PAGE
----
By identifying the gene and the mechanism responsible for creating the male-sterile line, producers now have the ability to increase soybean production by planting those lines next to female-fertile lines and creating desired hybrid seeds.
The ability to create hybrid seeds is crucial in perfecting the right line of seeds. It gives producers the ability to combine characteristics, such as disease resistance and high yield, into one hybrid line.
The ability to create these hybrids is not limited to just soybeans. Mendu said the same can be done with rice and other self-pollenating crops, both edible and non-edible.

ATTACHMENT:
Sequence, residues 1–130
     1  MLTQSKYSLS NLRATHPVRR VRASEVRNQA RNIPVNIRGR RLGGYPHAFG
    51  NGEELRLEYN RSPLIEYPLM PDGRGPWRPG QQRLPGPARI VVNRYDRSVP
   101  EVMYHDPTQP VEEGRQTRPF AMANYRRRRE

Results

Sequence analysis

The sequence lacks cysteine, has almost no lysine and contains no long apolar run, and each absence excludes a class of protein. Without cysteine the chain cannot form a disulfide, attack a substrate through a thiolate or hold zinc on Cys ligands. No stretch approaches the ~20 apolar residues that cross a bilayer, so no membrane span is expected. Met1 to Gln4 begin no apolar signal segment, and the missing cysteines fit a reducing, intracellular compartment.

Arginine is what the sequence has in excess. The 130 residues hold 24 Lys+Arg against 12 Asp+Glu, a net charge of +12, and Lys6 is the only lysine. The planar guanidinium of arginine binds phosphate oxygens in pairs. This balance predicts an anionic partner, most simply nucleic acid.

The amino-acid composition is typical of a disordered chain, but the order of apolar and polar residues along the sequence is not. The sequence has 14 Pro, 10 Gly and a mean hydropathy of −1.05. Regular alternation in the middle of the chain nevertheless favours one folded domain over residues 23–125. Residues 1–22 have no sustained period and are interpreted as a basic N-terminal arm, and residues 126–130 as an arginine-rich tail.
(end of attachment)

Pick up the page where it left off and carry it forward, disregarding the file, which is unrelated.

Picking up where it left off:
"Now I know this is a plant homeodomain (PHD) protein mutation that binds to a specific region of the gene," Mendu said. "So someone who is working on rice and wants to develop a male-sterile line can use this information to identify the gene, the PHD gene in rice, then mutate it and produce a hybrid. So, it can be applied to other processes."
For Mendu, though, this is just the beginning. Now, he will begin the process of discovering the complete molecular mechanism that causes the gene mutation.
"What we know at this point is that it is interfering with the chromosomal segregation," Mendu said. "But eventually, with the mechanism, we want to know how is it making the pollen sterile? Then, how exactly are these proteins functioning?"
CONTACT: Venugopal Mendu, Associate Professor of Cell Wall Biology; Department of Plant and Soil Science, Texas Tech University at (806) 834- 6327 or firstname.lastname@example.org